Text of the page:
Thursday, April 26, 2007

Simple dinner and a nice bottle.

Last night I didn't have the time or energy to cook so I high tailed it to our local Greek market. Begin with a loaf of bread and a medium sharp feta. Add a few olives, some stuffed grape leaves, and dinner is served. I think she should ask for a refund from the French Culinary Institute for the classes she bought me. I tried to cover the whole thing up by talking about the wine and how healthy the food was. I'm off to the supermarket for something for tonight.

TN: Cervera Lagar de Albarino Rias Baixas (Galicia Spain) - Pale gold. Highly perfumed nose. Granny smith apples and minerals with just the slightest touch of grassiness. A medium to full bodied wine that finishes nicely. A good deal at $15.

Wednesday, April 25, 2007

A new producer for me

Warmer weather is on it's way and for me that means a change in drinking habits. I tend to drink more whites and DRY roses. When I mention dry rose I don't mean the Bazooka Joe white zins that try to pass themselves off at the real McCoy. High quality dry rose is produced by limiting skin contact with the juice when red wine grapes are pressed. The amount of extraction (color) in reds comes from contact and churning of the skins with the juice. That's right folks, red (black) grapes produce white juice. Blanc de Noirs Champagne is an example. For a while white Merlot hit the market but I don't believe it ever caught on.

What I look for in summertime whites are things that are clean, crisp, refreshing and not containing a tremendous amount of oak. Italy is a great source for tank fermented whites. I'll pass on lots of names as I drink thm. What I'm really focused on are German whites. They tend to have much lower alcohol levels (typically 7-10%) and possess great acidity which makes them go well with food. Prices in general are on the low side but the labels can be daunting to read. German wines are ranked by quality levels. If you're looking to get started QbA, QmP, Kabinett, and Spatlese are good in relatively inexpensive quality levels to look for. Producers are many and if you have specific requests please send comments and I'll fill in the blanks for you.

TN: Heymann Loewenstein Auslese-Mosel Saar Ruwer-This was a great finish to dinner at Epernay, a fine bistro in Montclair NJ. Very traditional bistro fare with professional service and a comfortable atmosphere. We had the wine as dessert which I like to do. I find sweet wines clash more often than not. Very elegant and expressive nose. Clean with excellent acidity and just the right touch of sweetness. I'll be buying more, and at $32 for a half bottle this is a fine value.

I was turned on to this producer by Steve McGuire at Super Saver Liquors in Somerville NJ. This shop is a true gem. Steve is well versed, extremely enthusiastic, and friendly person with a magnificent palate. The store is like a throwback. They don't have an internet presence and there are great things on the shelves whenever I walk in. Prices are extremely fair. Make it a point to shop there but stay away from whatever I want!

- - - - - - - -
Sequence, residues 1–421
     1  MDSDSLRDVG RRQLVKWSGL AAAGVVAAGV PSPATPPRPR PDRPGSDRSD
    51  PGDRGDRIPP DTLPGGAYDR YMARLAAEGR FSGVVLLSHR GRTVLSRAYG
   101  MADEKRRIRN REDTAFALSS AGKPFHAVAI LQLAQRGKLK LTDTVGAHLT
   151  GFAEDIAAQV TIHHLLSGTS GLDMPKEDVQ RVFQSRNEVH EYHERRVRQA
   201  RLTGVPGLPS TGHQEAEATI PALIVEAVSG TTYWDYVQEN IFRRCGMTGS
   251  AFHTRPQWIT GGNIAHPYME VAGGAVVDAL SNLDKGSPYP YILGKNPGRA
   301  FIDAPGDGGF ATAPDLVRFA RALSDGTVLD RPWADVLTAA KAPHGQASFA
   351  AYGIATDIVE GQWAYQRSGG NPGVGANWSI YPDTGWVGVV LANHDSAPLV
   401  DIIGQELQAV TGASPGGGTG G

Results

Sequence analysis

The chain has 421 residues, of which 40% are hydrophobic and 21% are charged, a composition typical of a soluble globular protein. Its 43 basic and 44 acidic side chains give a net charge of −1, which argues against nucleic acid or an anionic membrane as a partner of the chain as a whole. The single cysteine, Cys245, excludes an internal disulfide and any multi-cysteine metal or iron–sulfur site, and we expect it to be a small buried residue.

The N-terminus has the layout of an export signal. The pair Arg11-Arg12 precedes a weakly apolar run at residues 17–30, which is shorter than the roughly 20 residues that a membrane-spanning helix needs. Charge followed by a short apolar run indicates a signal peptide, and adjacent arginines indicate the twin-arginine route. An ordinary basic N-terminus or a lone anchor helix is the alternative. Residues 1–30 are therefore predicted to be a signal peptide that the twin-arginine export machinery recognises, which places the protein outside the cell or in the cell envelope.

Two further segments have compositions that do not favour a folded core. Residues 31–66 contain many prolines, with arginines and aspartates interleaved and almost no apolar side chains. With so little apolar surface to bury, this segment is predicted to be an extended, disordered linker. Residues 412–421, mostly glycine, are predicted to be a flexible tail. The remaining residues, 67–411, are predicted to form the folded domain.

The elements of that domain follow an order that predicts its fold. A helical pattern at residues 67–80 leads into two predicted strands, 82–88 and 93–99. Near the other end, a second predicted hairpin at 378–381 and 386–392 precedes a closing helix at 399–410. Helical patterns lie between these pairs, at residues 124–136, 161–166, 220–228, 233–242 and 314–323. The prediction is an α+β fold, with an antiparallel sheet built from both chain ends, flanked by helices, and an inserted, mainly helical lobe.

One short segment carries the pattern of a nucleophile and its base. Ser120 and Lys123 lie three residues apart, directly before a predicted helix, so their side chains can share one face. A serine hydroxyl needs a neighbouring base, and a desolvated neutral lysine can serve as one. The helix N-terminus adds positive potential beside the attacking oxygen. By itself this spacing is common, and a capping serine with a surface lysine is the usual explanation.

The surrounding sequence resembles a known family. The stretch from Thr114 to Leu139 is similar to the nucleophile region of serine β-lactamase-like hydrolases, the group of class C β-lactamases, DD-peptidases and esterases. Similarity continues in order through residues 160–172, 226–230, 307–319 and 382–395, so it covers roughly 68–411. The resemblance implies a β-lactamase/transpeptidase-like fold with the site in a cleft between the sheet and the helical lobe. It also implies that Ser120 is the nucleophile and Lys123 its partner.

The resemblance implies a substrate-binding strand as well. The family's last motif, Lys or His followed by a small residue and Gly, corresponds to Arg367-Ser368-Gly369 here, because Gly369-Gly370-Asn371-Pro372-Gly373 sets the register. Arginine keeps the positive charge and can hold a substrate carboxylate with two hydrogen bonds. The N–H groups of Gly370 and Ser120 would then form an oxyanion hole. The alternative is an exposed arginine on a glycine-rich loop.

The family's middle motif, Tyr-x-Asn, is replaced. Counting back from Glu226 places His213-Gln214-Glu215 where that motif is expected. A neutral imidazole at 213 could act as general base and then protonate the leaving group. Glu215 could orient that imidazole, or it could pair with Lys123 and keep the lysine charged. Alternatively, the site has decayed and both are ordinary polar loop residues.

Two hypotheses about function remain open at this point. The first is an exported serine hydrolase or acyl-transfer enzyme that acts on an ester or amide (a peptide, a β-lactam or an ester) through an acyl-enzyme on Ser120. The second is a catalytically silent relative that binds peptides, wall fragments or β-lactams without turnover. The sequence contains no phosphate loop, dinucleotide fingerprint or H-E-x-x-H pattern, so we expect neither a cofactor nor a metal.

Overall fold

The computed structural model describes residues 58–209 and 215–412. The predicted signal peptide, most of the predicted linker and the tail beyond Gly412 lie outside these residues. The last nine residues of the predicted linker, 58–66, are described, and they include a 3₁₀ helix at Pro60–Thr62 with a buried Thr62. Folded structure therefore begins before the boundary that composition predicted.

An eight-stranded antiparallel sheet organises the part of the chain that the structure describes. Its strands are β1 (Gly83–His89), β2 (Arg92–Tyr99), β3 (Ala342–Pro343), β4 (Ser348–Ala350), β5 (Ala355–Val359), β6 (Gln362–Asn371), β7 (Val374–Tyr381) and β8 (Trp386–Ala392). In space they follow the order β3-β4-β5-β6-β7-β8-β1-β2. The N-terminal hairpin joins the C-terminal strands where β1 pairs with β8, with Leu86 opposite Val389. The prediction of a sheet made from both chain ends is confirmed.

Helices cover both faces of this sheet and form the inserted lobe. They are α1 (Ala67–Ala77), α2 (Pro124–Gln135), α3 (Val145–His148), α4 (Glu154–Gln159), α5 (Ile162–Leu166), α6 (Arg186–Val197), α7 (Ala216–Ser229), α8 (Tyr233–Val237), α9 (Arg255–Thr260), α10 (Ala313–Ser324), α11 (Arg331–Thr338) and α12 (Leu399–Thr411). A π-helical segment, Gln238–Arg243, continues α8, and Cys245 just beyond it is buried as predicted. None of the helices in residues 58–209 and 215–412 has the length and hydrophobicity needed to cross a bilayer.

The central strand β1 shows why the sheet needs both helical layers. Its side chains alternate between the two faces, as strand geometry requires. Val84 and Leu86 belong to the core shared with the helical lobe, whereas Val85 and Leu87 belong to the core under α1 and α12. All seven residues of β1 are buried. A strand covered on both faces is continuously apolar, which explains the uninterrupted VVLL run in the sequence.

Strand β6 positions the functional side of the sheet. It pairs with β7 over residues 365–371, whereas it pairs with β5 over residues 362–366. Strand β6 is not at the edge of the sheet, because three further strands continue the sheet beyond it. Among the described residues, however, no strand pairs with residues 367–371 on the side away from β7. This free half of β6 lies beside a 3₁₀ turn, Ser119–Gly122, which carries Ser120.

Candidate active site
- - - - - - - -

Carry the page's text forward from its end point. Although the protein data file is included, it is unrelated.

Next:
Steve got me started with HL's trocken wines which are awesome. Trocken means dry in German and may be a good starting point.

Wednesday, April 18, 2007

Lots of new wines

I shouldn't do this but I've been storing up notes from the past week. Last night I met a few friends for a casual tasting. Six of us met at a local place for a simple meal and pot luck wines. The results were excellent as no one held back.

Here's some of the notes from last night and the past week:

2004 Mauritson Zinfandel-Dry Creek Valley (California)-My biggest complaint with Zinfandel is it's generally made in an over-the-top style that is great for a sip and then bores me. Not so in this case. Done in a very elegant style with great raspberry fruit, nice round mouthfeel, and a pleasing finish. My only complaint is the heat on the end as the alcohol content is 15.2% A good buy at $15 and a nice pairing with Burgers or ribs.

2003 Di Majo Norante Ramitello Rosso (Italy)-From Molise which is on the Adriatic coast. 80% Prugnolo 20% Aglianico. You have to love these wines grown from indigenous grapes. Dark in color with a nose of plums and anise. You can almost smell the heat (not alcohol) from the 2003 vintage which produced a full bodied wine that feels great in the mouth and goes well with food. At $11 this is a great buy.

1999 Icardi Suri di mu (Italy)
-From Piedmont. If we could have squeezed the bottle for more we would have. Great fruit, balance, finish. Moderate alcohol. I could have drunk this all night. The 2004 vintage is on the market currently at $20. Buy and cellar for a couple of years. Works very well with Veal Milanese or a simple risotto.

Part 2 to come.

Wednesday, April 11, 2007

Back in the saddle..........

Hi all,

We were in the Grand Canyon area last week and didn't have much of a chance to taste. The scenery was spectacular but you don't go there for the food.

Some tasting notes:

We had dinner at the El Tovar lodge who's dining room is supposed to have the best food in the Canyon. I ordered fish. The next time I do that I'm going to find out how far I am from the ocean.
My wife ordered the duck so I matched it with a Fess Parker Pinot Noir from Santa Barbara county. A very nice wine and a great match for the duck. Unfortunately my fish was DOA and I left DNR instructions for the waitstaff. The price on the list was $35 for 1/2 bottle which I found fair for the quality. Fess Parker happened to play Daniel Boone on TV in the early 60's for all you trivia fans.

2005 D'Arenburg "The Hermit Crab" McLaren Vale Australia-70% Viogner, 30% Marsanne. Very floral with quite a bit of depth on the nose. This was a real surprise as I wouldn't expect a $12 wine to have the length this had. Full bodied with a slightly spicy finish. A great buy.